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Chef KNives?

post #1 of 66
Thread Starter 
Just currious if anyone else loves high end chef knives. I currently ahve a set of Hattori HD's and love them for work. I purchased a Harroti KD and it is on its way. I am not sure I will like it a much as the HD's and would be selling it or trading for something else( maybe ue-11 pro) Here is a link of the different knives.
post #2 of 66
One mistake and there goes your finger...

But seriously, that's the only worry I got for high end knives. Although I know blunt knifes are more dangerous than sharp ones. Maybe I like sharp but not deadly sharp.
post #3 of 66
Knife fi is an excellent hobby.

At Barclay Prime steak house in Philadelphia, they give you a selection of about 5 different high end steak knives before your dinner. I loved the sleek Japanese knife. Other very cool knives were from other countries. The knives were very impressive. A great knife is important and a true work of art.
post #4 of 66
I don't have "hi end" knives as of yet. Since I do have some extra money after buying a house.......getting a better knife set is something I'm thinking about. I do like cooking and will doing a lot more now that I have a decent gas stove top. So a Wüsthof or Shun would be better then my current Kitchen Aid piece mill set? Well buying cheap knives helped me figure out the preferences I have when cooking. I definitely prefer a good chef's knife over a santoku....choping seems easier with the rocking motion you can have with a chef's.
post #5 of 66
Thread Starter 
My issues with Wusthof is could not keep them sharp as long as i can a Japanese knife. I gave away my whole wusthof set to my baker when I got my Hattori's. You should check out Wusthof are great knives if you are not using them all the time as I do in a professional kitchen.
post #6 of 66
question: how do pro chefs cut so fast without the object ingredent flying everywhere?? sharpness?
post #7 of 66
I have a Henkel 5-star set that I like a lot. Not sure if thats truly high end though. One of the most useful knives I have ever used is the cutco butter-paddle.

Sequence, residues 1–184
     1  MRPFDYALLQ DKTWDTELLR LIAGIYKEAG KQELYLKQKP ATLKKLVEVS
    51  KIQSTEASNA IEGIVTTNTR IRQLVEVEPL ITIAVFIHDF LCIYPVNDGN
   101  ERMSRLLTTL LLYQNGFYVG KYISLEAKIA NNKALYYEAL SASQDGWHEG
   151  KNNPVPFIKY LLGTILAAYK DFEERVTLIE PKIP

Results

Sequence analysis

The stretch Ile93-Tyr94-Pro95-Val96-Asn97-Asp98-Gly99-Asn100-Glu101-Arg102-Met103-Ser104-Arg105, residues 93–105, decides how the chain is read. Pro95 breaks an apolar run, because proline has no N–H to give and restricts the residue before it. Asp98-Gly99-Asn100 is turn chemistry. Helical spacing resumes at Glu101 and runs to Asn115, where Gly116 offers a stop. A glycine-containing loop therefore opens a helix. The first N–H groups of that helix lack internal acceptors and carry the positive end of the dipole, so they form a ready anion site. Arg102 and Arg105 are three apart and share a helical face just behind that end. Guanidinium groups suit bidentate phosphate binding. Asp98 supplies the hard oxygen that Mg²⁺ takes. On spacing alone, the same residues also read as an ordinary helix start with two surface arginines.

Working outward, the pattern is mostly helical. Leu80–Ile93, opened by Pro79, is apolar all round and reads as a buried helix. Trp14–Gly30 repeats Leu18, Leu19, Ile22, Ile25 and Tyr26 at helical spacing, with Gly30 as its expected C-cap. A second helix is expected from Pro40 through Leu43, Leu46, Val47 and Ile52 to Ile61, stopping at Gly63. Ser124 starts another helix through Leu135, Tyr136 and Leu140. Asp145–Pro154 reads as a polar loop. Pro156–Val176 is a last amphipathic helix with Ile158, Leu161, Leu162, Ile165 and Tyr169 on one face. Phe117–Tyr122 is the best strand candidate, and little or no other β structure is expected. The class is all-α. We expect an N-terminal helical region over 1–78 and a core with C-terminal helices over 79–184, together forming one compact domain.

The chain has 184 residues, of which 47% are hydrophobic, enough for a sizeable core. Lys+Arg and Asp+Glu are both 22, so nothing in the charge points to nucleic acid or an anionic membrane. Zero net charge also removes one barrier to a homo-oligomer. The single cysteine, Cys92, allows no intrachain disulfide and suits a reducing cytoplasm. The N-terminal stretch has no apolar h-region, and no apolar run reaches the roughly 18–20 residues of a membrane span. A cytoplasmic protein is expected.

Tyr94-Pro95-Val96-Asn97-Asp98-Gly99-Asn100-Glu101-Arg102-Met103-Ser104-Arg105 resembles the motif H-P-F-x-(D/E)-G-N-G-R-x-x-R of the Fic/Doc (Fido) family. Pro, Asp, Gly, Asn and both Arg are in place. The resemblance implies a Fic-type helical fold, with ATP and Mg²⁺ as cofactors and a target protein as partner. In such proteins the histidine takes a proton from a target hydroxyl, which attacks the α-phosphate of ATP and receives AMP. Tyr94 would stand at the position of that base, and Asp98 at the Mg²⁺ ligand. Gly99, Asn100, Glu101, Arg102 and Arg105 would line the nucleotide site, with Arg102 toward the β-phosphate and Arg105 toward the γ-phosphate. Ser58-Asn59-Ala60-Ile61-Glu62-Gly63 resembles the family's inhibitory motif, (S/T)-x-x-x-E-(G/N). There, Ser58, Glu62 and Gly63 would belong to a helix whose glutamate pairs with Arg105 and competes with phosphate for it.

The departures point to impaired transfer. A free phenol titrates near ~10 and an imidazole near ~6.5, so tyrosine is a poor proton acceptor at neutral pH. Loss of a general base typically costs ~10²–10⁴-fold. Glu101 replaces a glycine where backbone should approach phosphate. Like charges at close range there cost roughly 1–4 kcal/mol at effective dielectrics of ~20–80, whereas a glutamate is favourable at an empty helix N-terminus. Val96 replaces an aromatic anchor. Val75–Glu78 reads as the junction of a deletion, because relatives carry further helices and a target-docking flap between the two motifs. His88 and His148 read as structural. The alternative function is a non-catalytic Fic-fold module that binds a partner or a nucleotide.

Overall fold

post #8 of 66
Can those hattori be sharpened using "regular" sharpener like the one I use for other knives?

I have the - forgot what it's called - something that has the diamond surface in it. I use it for my Mundial, but according to the knife shop woman, Mundial's steel is a bit soft, therefore you need constant sharpening.

I might actually get a Hattori if I have some spare money. Great delivery price too, that website.
post #9 of 66
Thread Starter 
I use waterstones to sharpen. I am sure you can use whatever but the best results on any sharpening i have experienced is with waterstones.
As far as chefs cutting so fast without the food going everywher it is mostly technique and then knife sharpness has somehting ro do with it also.
post #10 of 66
Oh man this is interesting stuff. What would be a good set of knifes for normal people like me? I'm looking for function only... is there a ksc-75 equivalent in the knife world?
post #11 of 66
Thread Starter 
Originally Posted by Dept_of_Alchemy View Post
Oh man this is interesting stuff. What would be a good set of knifes for normal people like me? I'm looking for function only... is there a ksc-75 equivalent in the knife world?
Well if function is all you are looking for I would go carbon steel. Stays sharper and longer than stainless steel. Here is a good example of carbon steel knives.
Hiromoto High carbon steel
post #12 of 66
Those are some beautiful chef's knives. The Damascus blade really holds an edge very well. Currently I own a set of Henckels Twin Cuisine knives that I've been happy with so far. Last kitchen knife I've purchased was a 7" Santoku by Al Mar.
post #13 of 66

ftw. matches DAC-1.
post #14 of 66
ksc75 equivalent: nsf knives from local kitchen stores. High carbon steel, dishwasher safe handle. Work well, last a long time, easy to hone.
post #15 of 66
If you have a very high carbon content knife one of the trade offs for a hard long lasting edge is that you have to use great care to dry the knife thoroughly after washing otherwise it will stain. The "stainless" knives represent a nice compromise for the average kitchen chef who needs to perform a lot of tasks in a limited amount of time and does not like to be bothered with the extra care required of a high carbon content chef knife. Make sure you dry the knife throughly after washing to keep it looking pretty.

Chef8489, try an internet search for the website of a Mr. Shinichi Watanabe. He makes a broad range of hand made chef knives. One of his specialties is hand forged, hand "polished" chef knives using Mitsubishi white or blue paper steel. They posses a very high Rockwell rating (62) and his "hand polishing" using 6000 and 8000 grit water stones provide a super, and I mean super sharp edge. When we have one of our summer BBQ, I like to pull some of the guys aside, pull out my Watanabe and shave the hair off my arm to demo the knife. Of course I wash it before carving up the roast, but the demo usually impresses, the guys anyway. He doesn't have the name recognition but his workmanship is superb IMHO.
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